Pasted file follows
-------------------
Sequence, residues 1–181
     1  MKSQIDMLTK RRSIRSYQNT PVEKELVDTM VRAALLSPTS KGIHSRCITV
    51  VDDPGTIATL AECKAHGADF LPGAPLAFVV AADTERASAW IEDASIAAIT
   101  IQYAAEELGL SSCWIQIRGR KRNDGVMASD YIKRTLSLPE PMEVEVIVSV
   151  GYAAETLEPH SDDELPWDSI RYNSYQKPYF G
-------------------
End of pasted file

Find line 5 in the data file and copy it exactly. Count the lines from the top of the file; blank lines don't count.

   151  GYAAETLEPH SDDELPWDSI RYNSYQKPYF G